Not if it's at Digipen or a top tier school like it. But that's because you're taking a bunch of programming classes, art classes, writing classes, math classes, almost as if you were minoring in all those fields.

Plus you also collaborate with a group from the start or nearly the start, and your final project is something you can put on a resume, and along the way you're going to develop contacts with people in the industry because the school has ins with those studios (much like what Gnomon does).

>isn't school stupid?
Only if it's a stupid school. Ponder this: If you're so smart, why aren't you rich?
coding skill make you different from artist.
do thing you like -> not bored -> good at it -> high chance of making good or at least ok money.
I'm not from USA (which means I barely have a programming college in my country) but what exactly does one learn to get a game design degree?
>you don't become an artist, you're born with it or not
>you don't become a piano player, you're either born with it or not
You just don't want to put the time into it.
I did though
Just have to do it outside of class
I'm studying computer science at uni and 3D animation at a technical institute.
I can tell you for my experience that (how this anon said) is more the ones that are studying CS just for game development than for other things. They all just drop out.
On the other hand at the 3D institute they are giving us programming classes and I can tell you it's not enough, I'm really happy that I'm studying both careers because I can see how one compliments with the other one and also, I can tell those of my 3D classmates who won't be able to make an entire game, just the models and/or animations.
If you want to be in an all-in-project made by you and you want it to be good enough I recommend you learn how to program first then you'll be able to do whatever you want.
You don't.

Most of them is entry level 3D work, but without enough hours to make them proficient
Entry level Programming(but not enough to get the people in class to learn programming)
Messing around with a game engine(unreal, etc), most likely in 3D
And some conceptual shit, but without enough of a process to really get you going.

Programming and some entry level 3D work, alongside learning how to make project goals and progress plans, will most likely get a Bachelor or Master student who did some C programming further.
I'm doing the CGSpectrum Animation diploma.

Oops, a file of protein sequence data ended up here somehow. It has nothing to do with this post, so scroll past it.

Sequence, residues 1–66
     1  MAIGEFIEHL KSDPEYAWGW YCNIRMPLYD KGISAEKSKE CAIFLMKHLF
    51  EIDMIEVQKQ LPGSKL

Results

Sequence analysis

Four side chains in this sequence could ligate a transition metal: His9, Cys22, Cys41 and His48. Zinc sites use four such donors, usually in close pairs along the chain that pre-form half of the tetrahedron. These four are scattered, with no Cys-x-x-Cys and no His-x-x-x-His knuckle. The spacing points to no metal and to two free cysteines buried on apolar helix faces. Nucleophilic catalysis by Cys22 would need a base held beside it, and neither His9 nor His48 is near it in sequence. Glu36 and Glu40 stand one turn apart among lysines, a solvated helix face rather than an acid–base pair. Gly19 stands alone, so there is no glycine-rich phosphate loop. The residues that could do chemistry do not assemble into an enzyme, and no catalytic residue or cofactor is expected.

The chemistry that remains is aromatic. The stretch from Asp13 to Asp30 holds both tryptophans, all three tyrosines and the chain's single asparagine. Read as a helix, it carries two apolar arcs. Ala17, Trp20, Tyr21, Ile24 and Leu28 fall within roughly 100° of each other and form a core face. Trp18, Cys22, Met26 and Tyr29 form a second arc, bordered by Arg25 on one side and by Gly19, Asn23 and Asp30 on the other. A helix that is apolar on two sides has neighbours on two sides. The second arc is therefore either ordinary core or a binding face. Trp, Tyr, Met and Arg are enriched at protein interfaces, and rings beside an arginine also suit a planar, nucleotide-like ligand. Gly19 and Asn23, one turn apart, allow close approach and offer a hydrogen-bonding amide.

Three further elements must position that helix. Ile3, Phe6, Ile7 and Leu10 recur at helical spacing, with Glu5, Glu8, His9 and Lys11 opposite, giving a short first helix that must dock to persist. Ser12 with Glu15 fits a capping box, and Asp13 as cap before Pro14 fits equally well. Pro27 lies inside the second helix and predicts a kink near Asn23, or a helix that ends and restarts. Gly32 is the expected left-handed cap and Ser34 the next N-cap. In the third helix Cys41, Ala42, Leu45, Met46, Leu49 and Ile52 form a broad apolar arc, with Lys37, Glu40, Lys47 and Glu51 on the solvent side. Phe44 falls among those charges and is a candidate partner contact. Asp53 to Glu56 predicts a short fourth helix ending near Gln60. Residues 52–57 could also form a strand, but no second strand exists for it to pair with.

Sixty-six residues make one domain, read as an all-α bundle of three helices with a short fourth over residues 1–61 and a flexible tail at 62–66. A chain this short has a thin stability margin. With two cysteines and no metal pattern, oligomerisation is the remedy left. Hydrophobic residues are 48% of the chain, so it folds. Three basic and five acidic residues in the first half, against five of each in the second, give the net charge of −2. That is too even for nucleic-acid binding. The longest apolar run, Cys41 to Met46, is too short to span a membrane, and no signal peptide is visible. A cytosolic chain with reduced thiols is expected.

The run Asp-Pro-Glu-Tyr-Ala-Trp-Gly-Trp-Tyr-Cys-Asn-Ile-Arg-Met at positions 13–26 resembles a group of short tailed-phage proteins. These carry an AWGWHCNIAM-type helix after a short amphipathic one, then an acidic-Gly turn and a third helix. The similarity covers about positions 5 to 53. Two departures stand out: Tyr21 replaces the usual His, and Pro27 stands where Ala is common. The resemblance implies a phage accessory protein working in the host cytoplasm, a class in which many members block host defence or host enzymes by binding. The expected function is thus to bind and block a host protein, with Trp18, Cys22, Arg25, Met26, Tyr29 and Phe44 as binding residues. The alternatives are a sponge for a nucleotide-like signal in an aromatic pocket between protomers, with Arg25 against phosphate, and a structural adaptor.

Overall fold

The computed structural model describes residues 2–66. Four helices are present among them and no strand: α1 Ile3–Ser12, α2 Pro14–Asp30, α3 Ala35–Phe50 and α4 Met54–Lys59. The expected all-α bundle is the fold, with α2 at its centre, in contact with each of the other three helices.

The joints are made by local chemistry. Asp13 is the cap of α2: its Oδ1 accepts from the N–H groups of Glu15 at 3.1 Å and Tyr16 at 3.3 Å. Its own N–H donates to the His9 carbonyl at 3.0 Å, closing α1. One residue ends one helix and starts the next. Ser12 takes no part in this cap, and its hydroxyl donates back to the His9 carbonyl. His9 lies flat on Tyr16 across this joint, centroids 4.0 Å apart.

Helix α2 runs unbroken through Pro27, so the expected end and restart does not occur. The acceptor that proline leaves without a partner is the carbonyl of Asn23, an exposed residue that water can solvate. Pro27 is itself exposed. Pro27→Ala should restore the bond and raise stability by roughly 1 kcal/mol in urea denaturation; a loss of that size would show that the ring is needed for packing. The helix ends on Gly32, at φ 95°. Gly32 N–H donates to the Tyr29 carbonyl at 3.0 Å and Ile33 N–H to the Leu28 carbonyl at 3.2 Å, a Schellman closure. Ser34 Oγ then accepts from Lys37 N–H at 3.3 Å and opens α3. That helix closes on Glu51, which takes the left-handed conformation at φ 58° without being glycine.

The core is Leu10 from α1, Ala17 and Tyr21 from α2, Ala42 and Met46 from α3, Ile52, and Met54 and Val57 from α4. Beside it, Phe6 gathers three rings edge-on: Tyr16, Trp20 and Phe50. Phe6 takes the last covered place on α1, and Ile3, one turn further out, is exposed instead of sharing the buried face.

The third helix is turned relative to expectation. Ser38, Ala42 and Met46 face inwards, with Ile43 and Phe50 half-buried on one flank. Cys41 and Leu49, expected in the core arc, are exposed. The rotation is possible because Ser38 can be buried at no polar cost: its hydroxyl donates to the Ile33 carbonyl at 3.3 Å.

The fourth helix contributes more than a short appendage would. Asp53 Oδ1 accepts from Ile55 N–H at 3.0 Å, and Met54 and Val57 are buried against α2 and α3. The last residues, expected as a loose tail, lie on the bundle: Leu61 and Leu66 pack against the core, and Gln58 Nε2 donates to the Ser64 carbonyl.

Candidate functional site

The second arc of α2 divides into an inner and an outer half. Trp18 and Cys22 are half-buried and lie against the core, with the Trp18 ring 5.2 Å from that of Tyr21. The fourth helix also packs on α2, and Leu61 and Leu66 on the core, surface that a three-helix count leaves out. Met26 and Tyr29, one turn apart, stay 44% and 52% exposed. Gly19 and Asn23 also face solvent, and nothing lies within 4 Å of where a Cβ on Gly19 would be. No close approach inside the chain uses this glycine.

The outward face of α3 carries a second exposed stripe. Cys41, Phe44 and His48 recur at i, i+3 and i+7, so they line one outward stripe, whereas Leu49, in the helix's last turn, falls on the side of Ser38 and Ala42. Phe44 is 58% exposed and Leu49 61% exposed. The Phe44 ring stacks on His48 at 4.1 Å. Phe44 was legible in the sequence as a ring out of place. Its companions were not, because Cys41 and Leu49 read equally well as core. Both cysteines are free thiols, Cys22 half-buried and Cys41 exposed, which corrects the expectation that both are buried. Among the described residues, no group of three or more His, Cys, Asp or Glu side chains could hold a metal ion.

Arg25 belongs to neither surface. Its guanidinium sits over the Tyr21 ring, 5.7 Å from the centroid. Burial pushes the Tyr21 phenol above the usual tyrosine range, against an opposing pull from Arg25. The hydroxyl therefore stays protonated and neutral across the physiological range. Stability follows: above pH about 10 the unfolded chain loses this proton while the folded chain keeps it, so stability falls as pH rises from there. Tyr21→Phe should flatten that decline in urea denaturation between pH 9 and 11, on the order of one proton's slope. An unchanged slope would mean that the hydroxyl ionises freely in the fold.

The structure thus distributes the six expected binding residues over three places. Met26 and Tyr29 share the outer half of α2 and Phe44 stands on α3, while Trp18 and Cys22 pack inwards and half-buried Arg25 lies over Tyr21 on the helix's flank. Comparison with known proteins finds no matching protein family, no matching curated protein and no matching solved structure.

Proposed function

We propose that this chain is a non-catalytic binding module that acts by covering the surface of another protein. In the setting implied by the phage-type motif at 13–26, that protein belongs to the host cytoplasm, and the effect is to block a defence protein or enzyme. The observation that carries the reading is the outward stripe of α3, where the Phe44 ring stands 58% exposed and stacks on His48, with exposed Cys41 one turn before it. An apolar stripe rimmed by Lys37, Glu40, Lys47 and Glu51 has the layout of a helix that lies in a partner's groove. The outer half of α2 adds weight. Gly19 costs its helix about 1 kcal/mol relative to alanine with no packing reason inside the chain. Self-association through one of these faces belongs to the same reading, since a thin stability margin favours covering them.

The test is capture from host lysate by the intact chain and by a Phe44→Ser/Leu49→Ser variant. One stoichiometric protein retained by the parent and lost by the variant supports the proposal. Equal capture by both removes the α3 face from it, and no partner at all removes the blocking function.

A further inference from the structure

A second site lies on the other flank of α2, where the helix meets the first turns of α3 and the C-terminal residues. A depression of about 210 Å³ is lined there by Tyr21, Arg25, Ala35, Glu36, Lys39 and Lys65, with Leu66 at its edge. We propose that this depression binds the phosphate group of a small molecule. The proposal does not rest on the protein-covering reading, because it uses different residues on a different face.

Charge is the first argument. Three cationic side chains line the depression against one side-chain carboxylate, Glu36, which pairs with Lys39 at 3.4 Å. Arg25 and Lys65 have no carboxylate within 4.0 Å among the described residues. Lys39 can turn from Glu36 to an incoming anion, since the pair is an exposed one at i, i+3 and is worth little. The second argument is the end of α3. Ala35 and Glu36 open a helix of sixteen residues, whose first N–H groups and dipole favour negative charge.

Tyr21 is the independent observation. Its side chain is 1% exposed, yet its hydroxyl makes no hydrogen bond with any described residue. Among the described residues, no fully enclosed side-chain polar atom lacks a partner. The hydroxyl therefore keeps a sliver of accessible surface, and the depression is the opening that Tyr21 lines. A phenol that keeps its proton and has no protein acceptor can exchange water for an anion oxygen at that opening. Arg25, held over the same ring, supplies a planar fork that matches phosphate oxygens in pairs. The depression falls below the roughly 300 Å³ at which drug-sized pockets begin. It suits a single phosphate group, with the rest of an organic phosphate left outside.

Feels good man.
>500k scholarships
>Computer science
You'll have more options for employment across the board. It's a good skill set to have, not just for games but for anything. Good programmers and/or coders are needed everywhere.

>Game Design
You'll be hard pressed to find jobs right off the bat in the field and will most likely end up taking work in other areas besides "games". It's a brutal market and only the best connected and most motivated ones end up getting work. If you can stomach it, get a focus in game production or some other form of organization for making games since that is an area that is severely lacking in competent people.

No matter where you end up putting your time and energy don't be afraid to take opportunities in areas you didn't want to get into 100%. I got my degree in Fine Arts and then branched over to Game Art after a few years.

I went Computer Science, and now I work as a programmer at American Express and make a shit tonne of money, and in my free time I work on personal projects / on projects with friends.
>good programmers and/or coders are needed everywhere.

m8 the stem shortage is a myth.
its the tech companies fault for not scouting for employees and instead let average people fill out resumes.

Why not just take both? I got a Game Design degree in Arts and Design, and a minor in Computer Science because at some point along the way, I realized "Hey, this AI course might come in handy."

In response to OP- if you can't decide, start one, and take classes from the other. The real purpose of college, at least from the perspective of a game designer, is to meet up with people who can commit to making shit. They're hard to find, but when you got a team, all your portfolios shine.

Delete Post: [File Only] Style:
[Disable Mobile View / Use Desktop Site]

[Enable Mobile View / Use Mobile Site]

All trademarks and copyrights on this page are owned by their respective parties. Images uploaded are the responsibility of the Poster. Comments are owned by the Poster.